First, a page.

Emeritus Professor Ted Parnall returns to Liberia as legal advisor
November 19, 2015 - Tamara Williams
Forty-eight years after Emeritus Professor Theodore Parnall began his first assignment in Liberia, he returned there this year to start up a major U.S. Agency for International Development (USAID) law development effort.
Parnall’s first experience in Liberia began in January of 1967, shortly after taking his last exams at the UNM Law School, when he was recruited and supported by the Ford Foundation to teach at Liberia’s only law school.
“Now I am back, at least for a while, and am pleased to find a few of the people I knew are among the leaders of Liberia’s legal community,” says Parnall.
Parnall is Chief of party for the Legal Professional Development and Anti-Corruption (LPAC) project, a very wide-reaching task force that makes up USAID and Liberia’s primary formal justice sector program.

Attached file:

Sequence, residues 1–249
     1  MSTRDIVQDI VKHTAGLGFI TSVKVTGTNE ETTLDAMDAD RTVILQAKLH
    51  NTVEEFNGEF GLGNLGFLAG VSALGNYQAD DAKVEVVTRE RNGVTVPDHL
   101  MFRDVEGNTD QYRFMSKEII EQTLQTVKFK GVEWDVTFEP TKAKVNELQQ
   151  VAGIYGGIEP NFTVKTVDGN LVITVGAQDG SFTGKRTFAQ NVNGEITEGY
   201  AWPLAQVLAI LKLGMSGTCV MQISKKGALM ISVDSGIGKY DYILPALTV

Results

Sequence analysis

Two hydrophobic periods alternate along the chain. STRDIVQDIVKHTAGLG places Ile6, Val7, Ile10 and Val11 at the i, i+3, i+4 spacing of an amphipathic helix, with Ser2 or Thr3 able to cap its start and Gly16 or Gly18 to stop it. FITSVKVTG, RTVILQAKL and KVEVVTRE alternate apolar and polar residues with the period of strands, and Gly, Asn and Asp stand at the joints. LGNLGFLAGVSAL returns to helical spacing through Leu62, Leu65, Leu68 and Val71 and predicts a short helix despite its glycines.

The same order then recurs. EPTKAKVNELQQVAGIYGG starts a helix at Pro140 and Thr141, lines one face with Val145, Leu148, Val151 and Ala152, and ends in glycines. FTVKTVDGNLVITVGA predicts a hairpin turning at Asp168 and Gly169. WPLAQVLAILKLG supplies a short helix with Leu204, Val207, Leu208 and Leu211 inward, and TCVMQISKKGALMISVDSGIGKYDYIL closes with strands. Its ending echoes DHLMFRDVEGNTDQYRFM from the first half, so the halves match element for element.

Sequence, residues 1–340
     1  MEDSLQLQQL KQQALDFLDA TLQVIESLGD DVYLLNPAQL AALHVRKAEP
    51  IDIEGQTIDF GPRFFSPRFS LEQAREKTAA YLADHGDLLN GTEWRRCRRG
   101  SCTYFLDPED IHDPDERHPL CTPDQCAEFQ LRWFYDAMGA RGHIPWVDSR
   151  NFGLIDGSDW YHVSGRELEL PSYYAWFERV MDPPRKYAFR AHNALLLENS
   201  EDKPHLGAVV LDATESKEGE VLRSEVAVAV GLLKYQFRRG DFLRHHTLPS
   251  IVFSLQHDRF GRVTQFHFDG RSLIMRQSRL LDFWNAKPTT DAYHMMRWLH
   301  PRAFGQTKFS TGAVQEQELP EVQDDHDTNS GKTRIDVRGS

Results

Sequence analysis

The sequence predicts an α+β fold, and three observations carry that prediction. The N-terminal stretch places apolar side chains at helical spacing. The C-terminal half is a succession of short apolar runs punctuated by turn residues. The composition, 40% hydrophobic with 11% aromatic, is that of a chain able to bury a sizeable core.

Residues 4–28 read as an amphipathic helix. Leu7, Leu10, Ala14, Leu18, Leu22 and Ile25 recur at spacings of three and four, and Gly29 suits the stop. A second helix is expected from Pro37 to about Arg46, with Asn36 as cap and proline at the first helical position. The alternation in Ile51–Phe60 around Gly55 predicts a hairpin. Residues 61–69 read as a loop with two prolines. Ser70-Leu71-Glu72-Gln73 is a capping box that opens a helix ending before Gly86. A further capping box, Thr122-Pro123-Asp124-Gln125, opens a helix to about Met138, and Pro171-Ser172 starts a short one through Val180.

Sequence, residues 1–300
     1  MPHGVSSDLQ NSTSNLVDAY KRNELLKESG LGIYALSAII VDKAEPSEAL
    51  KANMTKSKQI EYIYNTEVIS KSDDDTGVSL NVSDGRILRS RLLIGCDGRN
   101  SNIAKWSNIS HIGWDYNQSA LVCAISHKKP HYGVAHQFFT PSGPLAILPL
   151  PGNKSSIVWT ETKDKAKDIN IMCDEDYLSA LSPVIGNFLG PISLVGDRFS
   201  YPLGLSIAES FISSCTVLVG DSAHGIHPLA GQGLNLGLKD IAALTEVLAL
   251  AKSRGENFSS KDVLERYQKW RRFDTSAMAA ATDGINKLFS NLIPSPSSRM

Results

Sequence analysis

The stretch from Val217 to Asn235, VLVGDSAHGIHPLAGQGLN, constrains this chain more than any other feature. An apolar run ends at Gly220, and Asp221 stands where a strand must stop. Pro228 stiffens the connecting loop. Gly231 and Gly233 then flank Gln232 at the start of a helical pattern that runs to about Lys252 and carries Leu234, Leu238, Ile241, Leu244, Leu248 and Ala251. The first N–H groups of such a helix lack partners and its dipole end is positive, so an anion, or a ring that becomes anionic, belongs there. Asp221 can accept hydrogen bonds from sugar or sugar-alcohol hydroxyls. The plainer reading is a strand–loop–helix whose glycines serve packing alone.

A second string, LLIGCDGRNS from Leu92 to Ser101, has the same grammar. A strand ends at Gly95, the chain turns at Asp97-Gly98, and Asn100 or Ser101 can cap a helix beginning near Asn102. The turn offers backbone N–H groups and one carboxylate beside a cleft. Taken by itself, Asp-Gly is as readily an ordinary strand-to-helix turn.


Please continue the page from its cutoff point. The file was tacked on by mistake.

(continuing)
Its design addresses two fundamental challenges in Liberia’s development as a rule-following state: (i) increasing the capacity of its institutions to produce a sufficient quality and number of judges, magistrates, prosecutors, public defenders, lawyers and other law-trained actors to maintain an effective legal system , and (ii) reducing the corruption that undermines that system.
LPAC consists of two components to address those challenges:
The first component directs capacity building to the four key Liberian justice sector institutions, the Judicial Institute, the Louis Arthur Grimes Law School, the Liberian Legal Information Institute (Liberlii), and the Liberian National Bar Association, that educate, regulate and inform legal professionals.
The second component supports the Liberian Anti-Corruption Commission (LACC) and associated Government of Liberia entities in their efforts to investigate, prosecute, and convict perpetrators of corruption related crimes, and to educate the public regarding the fight against corruption in Liberia.
“Even after the years of war and medical challenges, the friendly spirit of the Liberian people still manages to shine through,” says Parnall.
In addition to working as a long-term resident legal advisor in Liberia, Parnall has worked in overseas posts in countries as diverse as Senegal, Ethiopia, Egypt, Tunisia, Laos, Indonesia, Vietnam, Madagascar the Kyrgyz Republic and Serbia/Montenegro.